Erik Temple announces the release of his Glimmr project (GLulx Image and MultiMedia Resources). Glimmr is a modular system of extensions that can be used to build dynamic graphical content, such as maps that are revealed as the player move through them, graphical user interfaces and status indicators that respond to the game state, visual puzzles or minigames, and so on.
The centerpiece of the Glimmr family of extensions is Glimmr Canvas-Based Drawing, which provides an object-oriented and largely automated system for defining even quite complex graphical layouts in Glulx graphics windows with only a few lines of code. Glimmr also includes the Glimmr Canvas Editor, a GUI graphics editor that allows authors to create a composition from multiple images or other graphic elements. Once created, the composition can be exported as I7 source code to be pasted into your project.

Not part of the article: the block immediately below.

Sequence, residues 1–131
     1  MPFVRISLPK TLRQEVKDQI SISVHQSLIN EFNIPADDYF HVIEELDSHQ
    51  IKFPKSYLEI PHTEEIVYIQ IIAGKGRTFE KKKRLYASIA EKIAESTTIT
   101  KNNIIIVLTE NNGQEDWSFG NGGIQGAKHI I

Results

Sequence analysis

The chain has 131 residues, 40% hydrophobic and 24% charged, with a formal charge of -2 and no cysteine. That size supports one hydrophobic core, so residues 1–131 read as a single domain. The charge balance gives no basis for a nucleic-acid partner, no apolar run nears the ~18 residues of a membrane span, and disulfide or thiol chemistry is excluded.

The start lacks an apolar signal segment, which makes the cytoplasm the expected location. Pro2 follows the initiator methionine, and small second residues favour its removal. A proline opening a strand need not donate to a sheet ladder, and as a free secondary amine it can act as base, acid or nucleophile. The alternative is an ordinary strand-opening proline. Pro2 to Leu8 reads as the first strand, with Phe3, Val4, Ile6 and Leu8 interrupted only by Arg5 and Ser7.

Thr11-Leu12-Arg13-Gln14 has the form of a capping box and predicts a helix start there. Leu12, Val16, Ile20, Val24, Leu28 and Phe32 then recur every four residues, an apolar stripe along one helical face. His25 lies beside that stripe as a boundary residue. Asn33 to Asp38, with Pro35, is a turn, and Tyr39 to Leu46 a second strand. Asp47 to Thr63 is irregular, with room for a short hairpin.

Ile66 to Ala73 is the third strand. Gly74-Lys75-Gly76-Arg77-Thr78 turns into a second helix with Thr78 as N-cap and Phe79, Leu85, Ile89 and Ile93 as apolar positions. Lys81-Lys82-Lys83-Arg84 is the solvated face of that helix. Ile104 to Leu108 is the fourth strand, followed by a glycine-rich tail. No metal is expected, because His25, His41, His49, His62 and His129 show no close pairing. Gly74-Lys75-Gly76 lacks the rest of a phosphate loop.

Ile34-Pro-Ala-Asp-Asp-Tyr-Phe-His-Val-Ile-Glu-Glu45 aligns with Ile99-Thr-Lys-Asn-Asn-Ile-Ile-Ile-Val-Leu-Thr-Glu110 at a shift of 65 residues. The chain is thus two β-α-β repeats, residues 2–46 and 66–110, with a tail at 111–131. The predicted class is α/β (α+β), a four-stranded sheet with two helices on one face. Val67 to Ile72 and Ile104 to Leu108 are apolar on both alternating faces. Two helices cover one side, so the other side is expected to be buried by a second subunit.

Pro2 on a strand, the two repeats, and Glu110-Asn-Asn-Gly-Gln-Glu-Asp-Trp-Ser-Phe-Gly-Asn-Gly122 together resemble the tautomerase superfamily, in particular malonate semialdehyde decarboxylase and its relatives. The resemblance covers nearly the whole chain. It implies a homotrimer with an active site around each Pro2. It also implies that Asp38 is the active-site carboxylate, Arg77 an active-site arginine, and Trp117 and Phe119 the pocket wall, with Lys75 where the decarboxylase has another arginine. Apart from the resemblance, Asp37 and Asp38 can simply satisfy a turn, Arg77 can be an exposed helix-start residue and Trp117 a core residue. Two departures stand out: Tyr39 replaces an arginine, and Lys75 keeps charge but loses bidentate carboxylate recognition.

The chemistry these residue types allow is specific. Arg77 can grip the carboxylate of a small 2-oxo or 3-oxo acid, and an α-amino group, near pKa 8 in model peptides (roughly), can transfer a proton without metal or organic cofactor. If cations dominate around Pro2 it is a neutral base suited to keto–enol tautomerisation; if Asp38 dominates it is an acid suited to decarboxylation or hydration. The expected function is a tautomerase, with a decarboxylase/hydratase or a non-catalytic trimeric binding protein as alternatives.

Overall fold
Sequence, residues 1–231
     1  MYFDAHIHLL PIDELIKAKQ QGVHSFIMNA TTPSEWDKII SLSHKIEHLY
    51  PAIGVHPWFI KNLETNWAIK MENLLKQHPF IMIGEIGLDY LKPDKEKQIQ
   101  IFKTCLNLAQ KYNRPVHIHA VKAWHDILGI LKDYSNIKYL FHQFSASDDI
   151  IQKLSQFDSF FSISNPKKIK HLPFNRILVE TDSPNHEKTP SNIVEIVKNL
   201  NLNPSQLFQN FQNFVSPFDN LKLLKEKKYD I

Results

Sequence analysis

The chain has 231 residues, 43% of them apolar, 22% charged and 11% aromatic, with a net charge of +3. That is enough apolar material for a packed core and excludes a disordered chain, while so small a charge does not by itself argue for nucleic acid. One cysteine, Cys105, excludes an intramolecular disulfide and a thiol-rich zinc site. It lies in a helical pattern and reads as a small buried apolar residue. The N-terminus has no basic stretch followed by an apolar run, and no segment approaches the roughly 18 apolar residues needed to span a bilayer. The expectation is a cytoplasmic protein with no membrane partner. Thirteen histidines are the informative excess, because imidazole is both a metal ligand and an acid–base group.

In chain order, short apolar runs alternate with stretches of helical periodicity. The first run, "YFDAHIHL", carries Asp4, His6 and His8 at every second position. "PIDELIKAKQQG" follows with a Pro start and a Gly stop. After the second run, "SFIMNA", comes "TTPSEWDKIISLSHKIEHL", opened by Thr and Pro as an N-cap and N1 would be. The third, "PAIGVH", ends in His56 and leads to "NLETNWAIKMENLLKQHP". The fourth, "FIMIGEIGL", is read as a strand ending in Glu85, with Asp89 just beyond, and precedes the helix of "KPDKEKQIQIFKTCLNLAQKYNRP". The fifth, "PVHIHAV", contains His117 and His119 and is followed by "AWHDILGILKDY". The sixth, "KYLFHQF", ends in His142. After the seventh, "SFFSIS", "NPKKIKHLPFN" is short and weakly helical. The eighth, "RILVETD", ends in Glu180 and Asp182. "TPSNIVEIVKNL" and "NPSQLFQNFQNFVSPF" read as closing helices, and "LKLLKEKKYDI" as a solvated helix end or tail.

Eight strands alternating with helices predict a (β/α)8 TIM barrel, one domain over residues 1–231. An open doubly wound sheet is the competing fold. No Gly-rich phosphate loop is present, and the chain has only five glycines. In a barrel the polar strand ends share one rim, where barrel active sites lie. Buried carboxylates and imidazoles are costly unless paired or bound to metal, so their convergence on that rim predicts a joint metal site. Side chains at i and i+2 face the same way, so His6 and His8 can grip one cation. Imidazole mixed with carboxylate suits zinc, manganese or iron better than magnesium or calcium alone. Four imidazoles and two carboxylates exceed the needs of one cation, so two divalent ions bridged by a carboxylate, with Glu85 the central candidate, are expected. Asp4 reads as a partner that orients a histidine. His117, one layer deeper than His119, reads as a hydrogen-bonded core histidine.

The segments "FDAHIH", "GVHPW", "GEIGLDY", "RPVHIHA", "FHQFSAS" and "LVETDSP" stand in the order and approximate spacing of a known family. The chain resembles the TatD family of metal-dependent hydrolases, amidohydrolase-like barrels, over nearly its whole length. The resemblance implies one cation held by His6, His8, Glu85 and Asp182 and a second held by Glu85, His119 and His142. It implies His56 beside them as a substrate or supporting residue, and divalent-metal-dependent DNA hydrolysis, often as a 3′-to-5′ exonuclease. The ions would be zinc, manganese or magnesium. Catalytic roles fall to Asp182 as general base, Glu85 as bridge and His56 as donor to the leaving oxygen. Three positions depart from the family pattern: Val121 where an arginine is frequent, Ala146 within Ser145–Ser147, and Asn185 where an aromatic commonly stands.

The system provides support for a number of different kinds of graphic element, including sprites, image-maps, arbitrary bitmap images–that is, images that are created procedurally in-game rather than from external files–and painted text (text that appears in graphics windows). Authors can design their own fonts for use in text-painting. Future releases in the Glimmr family will provide plug-and-play automapping, as well as HTML-style form input in graphics windows.
Glimmr works on top of Jon Ingold’s Flexible Windows extension, and can be used for multi-windowed layouts. The built-in debugging log can be directed to the main window, a second window, or even to the transcript.
Glimmr extensions can be downloaded individually at inform7.com/extensions, or all at once at http://code.google.com/p/glimmr-i7x/downloads/list. If you’d rather just see the kinds of things Glimmr can do, you can also download the compiled demo story files from http://code.google.com/p/glimmr-i7x/downloads/list.